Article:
[Sic], by Davis Schneiderman. Seattle, Washington: Jaded Ibis Productions. 154 pages. $16.00, paper.
Davis Schneiderman’s writing is typically propelled by a kind of palpable kinetic energy—an explosive proliferation of images, concepts, ideas, and well … words that collide and intersect in the strangest of ways. This is most evident in his 2010 novel Drain, set in the desiccated basin of what used to be Lake Michigan, amidst a nightmarish post-America future, which races through a complex series of juxtapositions and linguistic contortions like a million dollar Rube Goldberg device set up by a bombastic Hollywood stunt team. But in [Sic] Schneiderman undertakes a vastly different project—a call for a reexamination of authorship, a polemic on plagiarism and the collaboration at the basis of all writing, a recipe for Victory Cake (perfect for any VE party)—yet, perhaps the greatest achievement in [Sic] is the indelible mark of Davis Schneiderman it bears. Now, crafting a distinctive, inimitable voice is a laudable achievement in any context, but one far more impressive in [Sic] considering Schneiderman didn’t write any of it.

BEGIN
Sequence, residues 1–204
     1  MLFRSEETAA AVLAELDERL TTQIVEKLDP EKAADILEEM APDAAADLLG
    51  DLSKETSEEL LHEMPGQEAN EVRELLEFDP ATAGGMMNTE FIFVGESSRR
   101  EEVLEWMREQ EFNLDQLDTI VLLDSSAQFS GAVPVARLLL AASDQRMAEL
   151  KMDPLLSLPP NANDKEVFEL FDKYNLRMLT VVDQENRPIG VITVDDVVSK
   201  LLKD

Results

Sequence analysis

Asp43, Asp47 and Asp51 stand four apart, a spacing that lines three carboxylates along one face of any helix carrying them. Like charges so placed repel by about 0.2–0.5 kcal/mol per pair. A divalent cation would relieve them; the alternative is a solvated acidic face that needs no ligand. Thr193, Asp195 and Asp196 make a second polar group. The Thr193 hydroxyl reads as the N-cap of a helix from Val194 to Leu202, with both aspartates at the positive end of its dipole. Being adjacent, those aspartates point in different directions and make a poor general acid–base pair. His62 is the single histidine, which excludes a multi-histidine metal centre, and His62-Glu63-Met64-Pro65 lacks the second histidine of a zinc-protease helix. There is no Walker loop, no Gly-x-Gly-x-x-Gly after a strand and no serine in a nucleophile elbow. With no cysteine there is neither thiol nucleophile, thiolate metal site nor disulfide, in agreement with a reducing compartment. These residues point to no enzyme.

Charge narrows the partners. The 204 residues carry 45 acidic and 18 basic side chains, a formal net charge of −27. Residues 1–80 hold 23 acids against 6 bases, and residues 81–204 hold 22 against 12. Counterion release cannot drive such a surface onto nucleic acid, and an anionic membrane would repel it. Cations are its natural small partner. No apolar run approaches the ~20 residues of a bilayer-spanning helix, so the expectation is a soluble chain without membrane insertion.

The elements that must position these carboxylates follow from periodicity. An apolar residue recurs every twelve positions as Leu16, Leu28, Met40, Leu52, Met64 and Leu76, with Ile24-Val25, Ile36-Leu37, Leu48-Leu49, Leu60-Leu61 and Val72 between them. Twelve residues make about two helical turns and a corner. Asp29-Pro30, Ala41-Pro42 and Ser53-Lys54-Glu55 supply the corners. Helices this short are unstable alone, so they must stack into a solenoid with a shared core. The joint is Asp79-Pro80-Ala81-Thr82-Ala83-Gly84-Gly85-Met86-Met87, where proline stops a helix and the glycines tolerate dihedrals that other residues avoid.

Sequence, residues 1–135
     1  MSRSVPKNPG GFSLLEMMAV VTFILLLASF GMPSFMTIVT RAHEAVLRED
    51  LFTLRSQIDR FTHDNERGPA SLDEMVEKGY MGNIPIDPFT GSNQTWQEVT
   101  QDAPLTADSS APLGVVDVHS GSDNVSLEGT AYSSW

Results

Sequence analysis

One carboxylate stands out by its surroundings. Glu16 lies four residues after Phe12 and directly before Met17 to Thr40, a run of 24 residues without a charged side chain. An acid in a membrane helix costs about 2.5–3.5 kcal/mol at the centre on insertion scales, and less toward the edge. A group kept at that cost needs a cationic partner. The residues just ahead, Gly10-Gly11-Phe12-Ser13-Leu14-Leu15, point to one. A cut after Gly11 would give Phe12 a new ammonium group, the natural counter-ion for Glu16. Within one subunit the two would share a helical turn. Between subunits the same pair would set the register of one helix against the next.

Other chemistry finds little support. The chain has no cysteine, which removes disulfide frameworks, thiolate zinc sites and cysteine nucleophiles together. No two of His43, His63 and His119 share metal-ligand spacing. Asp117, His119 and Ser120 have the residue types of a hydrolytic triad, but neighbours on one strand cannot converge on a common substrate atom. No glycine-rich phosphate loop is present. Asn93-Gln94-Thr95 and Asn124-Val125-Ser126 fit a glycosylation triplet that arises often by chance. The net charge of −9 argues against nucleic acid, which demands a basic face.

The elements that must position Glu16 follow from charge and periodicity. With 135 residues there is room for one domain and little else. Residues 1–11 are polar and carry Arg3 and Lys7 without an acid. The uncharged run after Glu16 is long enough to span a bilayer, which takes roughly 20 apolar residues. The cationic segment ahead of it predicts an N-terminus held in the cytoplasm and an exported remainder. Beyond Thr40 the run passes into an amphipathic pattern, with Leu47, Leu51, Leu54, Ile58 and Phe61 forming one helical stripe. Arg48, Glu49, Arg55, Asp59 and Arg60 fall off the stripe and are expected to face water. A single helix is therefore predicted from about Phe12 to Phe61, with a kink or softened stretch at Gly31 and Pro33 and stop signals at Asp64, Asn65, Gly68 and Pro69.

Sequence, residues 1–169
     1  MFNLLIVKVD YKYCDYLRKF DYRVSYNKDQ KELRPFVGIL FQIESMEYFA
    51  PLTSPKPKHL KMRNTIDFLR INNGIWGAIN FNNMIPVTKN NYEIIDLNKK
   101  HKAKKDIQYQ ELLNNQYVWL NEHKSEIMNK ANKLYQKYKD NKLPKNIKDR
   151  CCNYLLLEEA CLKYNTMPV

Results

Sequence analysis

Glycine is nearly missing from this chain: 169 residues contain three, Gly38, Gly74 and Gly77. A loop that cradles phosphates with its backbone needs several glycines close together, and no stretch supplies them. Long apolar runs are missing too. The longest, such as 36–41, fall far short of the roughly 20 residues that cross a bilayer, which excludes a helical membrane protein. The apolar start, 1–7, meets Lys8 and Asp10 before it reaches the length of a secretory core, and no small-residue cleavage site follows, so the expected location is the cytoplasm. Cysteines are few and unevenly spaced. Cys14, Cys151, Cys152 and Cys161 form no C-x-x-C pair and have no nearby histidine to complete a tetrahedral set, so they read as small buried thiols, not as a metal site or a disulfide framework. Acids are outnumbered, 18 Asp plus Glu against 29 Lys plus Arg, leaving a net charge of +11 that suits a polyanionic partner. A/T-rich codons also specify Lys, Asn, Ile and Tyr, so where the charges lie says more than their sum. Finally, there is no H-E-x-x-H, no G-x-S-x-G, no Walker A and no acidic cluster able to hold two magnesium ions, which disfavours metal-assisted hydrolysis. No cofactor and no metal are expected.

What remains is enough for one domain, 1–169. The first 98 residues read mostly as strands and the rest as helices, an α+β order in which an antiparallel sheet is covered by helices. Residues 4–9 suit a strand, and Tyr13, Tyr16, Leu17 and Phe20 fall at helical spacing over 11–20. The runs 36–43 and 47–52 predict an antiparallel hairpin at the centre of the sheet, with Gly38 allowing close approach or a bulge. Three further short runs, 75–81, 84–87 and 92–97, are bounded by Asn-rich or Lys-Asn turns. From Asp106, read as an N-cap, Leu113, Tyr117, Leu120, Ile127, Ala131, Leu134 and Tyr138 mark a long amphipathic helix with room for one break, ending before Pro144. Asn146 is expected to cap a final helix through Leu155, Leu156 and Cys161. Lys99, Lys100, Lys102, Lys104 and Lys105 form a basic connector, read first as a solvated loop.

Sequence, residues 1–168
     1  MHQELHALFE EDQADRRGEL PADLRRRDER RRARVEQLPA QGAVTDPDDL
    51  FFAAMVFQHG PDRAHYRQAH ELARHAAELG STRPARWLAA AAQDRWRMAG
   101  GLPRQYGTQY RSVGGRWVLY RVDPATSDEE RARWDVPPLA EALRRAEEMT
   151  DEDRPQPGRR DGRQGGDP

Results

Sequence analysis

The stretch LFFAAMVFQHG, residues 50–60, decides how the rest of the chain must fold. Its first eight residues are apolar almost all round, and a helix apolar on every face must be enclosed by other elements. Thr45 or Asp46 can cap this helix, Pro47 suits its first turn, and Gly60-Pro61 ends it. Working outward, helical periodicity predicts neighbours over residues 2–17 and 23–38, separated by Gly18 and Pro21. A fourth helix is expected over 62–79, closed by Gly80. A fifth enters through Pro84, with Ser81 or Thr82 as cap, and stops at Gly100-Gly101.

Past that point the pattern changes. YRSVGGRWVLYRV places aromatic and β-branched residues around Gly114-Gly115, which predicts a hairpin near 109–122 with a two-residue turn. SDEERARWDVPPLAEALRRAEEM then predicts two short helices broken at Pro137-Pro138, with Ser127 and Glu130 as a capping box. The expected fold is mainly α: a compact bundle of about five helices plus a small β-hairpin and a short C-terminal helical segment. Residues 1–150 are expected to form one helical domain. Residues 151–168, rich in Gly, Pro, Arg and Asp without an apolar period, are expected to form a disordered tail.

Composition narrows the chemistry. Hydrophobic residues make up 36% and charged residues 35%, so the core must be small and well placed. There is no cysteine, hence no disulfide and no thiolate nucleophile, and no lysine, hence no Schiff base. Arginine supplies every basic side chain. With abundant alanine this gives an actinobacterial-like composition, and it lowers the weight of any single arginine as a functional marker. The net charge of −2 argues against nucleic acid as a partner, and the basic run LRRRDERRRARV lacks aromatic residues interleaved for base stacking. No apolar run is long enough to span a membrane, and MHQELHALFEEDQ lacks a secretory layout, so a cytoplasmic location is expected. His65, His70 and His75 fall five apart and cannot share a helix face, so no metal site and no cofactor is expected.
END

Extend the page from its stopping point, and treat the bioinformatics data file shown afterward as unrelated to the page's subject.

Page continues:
[Sic] is the second of Schneiderman’s Dead/Books Trilogy—the follow up to Blank (which houses all the accoutrement of a novel—an author, a title, chapters, a copyright page, an ISBN number … just not any of those superfluous words, sentences, and paragraphs that comprise the actual text). Like Blank, [Sic] is more conceptual art than conventional page turner—nearly everything in it is appropriated, ranging from Hamlet and “Sinners in the Hands of an Angry God” to a spam email and an excerpt from The Emergency Broadcast test, all appearing as “by Davis Schneiderman.” Meanwhile, the only ‘original’ part of [Sic] are the ninety-nine short preparatory notes in the introduction … penned by Oulipian writer Daniel Levin Baker. However there’s more at work here than the playful but pointed critique of plagiarism, copyright law, and the belief that words can be owned.